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A Double Success Story


I really enjoy reading accounts of how companies overcome a minefield of obstacles to achieve both financial and social success. It’s much easier to achieve financial success at the top in exchange for social freedom at the bottom than it is to achieve success in both areas at the same time (hint: HR groups are the greatest impediment to dual success). For confirmation of this assertion, simply look at the coupling between profit margins and social misery at any third world sweatshop.

One such double financial + social success story is told in the Fast Company article:” How Target’s CEO Inspires Teamwork At A Massive Scale”. However, BD00, the saucy and skeptical bloke that he is, always consumes such anecdotes with a grain of salt when the narrator is a single soul from the C-level suite. In the Target story, the telltaler is the CEO himself, Mr. Gregg Steinhafel.

The good news is that Gregg wasn’t appointed from without. He rose through the ranks:

“A veteran of Target’s rank and file, Steinhafel joined the company back in 1979, worked his way up over the next two decades to become president, and eventually took the corner office in 2008.

The bad news is that when you traverse the article and pluck out his quotes, they are the same old, same old:

“We are the coaching staff that help design the playbook, but implement it at the same time.”

“At Target, nothing happens without a large, collaborative effort.”

“Everyone is a mentor and mentee. It is one of the fun and exciting parts of [any] job.”

“It’s our responsibility to act and continue to support the teams.”

“All the senior leaders like to sit down and forward think, and anticipate where the puck is going.”

“We benchmark against the world’s best to develop ideas for future growth.”

“We are constantly checking in.”

Direct quotes and disrespectfully snarky graphic aside, the double success story at Target seems genuine and I’m thrilled that the company has leveraged social media tools to improve its performance through networked collaboration. I just wish that some lower level employees were asked to contribute to its telling – anonymously, of course.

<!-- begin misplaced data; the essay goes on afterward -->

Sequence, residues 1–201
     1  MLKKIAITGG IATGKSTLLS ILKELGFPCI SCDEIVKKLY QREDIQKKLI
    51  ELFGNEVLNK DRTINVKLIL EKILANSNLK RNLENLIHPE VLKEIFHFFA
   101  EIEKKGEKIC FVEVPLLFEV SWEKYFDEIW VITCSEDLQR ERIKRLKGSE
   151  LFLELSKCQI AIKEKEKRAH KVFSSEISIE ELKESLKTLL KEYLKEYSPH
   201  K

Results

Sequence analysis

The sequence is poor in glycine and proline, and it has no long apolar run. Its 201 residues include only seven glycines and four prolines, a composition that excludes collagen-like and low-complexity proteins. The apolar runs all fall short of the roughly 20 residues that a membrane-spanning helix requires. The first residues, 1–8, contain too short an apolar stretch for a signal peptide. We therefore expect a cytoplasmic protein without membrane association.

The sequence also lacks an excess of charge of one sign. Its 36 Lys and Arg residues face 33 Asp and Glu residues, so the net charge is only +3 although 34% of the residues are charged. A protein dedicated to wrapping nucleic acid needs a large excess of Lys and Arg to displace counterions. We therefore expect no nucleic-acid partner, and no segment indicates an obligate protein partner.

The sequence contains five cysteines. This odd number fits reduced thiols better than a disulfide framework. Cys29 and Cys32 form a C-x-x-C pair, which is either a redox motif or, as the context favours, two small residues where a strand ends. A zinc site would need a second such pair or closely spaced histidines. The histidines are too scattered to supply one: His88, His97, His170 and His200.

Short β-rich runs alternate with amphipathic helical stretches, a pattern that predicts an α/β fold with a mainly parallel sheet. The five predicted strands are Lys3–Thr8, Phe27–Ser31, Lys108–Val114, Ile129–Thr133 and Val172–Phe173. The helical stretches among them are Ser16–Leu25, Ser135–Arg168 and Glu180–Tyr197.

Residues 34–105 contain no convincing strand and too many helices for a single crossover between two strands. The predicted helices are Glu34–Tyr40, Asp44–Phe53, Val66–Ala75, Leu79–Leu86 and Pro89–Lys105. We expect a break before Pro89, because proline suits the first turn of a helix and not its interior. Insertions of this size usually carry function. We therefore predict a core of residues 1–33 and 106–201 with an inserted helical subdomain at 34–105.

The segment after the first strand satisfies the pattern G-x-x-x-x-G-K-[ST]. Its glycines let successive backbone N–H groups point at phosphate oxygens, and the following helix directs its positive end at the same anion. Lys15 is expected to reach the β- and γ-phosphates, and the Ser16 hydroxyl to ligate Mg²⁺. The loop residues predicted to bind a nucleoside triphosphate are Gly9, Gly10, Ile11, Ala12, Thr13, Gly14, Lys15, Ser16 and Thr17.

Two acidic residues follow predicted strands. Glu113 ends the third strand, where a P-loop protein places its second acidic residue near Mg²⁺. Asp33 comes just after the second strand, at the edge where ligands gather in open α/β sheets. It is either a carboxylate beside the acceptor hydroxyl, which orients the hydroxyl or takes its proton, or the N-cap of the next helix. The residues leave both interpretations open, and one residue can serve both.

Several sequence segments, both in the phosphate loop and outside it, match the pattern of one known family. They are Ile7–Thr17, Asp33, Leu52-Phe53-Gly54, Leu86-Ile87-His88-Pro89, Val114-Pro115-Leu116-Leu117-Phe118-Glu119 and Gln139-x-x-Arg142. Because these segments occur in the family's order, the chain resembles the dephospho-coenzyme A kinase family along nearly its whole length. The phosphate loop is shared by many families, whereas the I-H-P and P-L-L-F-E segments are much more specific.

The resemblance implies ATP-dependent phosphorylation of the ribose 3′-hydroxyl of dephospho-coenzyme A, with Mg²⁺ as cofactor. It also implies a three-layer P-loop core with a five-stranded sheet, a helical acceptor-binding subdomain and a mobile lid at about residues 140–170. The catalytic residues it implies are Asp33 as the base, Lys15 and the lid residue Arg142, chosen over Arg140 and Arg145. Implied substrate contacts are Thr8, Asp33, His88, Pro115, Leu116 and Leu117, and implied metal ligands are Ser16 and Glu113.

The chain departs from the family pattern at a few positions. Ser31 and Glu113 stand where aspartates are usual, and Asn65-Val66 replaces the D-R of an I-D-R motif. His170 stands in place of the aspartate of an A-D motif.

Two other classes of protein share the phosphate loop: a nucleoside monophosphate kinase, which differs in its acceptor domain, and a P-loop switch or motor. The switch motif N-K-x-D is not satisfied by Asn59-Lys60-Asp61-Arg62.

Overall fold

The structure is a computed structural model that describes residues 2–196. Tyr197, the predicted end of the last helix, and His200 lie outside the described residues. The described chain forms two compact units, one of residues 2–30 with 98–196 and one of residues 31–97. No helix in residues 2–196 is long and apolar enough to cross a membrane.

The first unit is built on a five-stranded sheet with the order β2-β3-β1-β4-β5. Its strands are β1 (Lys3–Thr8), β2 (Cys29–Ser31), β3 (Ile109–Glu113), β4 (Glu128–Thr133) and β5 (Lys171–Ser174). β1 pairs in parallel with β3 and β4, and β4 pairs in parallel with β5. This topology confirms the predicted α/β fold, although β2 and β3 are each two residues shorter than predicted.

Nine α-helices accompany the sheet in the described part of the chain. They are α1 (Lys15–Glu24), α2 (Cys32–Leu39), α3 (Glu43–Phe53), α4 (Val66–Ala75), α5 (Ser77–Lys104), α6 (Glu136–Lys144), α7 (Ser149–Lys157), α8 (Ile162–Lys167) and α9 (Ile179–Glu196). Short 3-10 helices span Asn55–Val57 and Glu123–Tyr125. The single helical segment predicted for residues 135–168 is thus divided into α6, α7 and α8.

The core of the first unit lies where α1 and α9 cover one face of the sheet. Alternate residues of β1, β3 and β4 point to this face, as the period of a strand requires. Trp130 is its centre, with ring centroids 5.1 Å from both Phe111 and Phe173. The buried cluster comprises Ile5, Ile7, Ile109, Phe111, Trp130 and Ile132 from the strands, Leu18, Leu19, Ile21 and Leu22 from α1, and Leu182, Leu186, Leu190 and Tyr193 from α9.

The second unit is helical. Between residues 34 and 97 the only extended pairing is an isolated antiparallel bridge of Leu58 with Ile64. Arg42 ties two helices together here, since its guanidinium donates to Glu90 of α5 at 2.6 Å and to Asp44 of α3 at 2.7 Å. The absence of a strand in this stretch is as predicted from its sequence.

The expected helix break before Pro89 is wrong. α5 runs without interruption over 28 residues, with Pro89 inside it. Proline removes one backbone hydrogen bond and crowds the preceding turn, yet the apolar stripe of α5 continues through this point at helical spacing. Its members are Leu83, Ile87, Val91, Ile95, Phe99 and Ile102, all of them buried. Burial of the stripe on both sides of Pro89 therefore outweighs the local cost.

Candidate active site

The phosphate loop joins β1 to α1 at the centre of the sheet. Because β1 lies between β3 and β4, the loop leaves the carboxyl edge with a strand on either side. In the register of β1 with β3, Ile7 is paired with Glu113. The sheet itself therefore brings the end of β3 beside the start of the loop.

For sure, you’ll easily find a ton of one-sided, C-suite-sourced stories like this Target tale in the mainstream press and best-selling business book section at Amazon.com. However, you won’t find any in the works of Ackoff, Argyris, Deming, Block, Culbert, Cohen, Livingston, and other dirty rotten scoundrels. The stories they tell are the stories I find fascinating and mind-changing.

Note: I’ve had a vague and notional image of the pull-cord executive doll in my contaminated mind for several months now. I finally conjured up a BS post to host it. Whoo Hoo!

Categories: management Tags: , ,
  1. October 15, 2012 at 11:24 am | #1

    It could well be the case at Target for a very simple reason. Target’s key market segments are closely related to who their average employee is, thus if you are not making most of your employees happy then it is highly unlikely that you are meeting the needs of the consumers walking in the door either.

    To many companies forget that often your own employees especially those at the lower levels of the company also represent your customer base as well.

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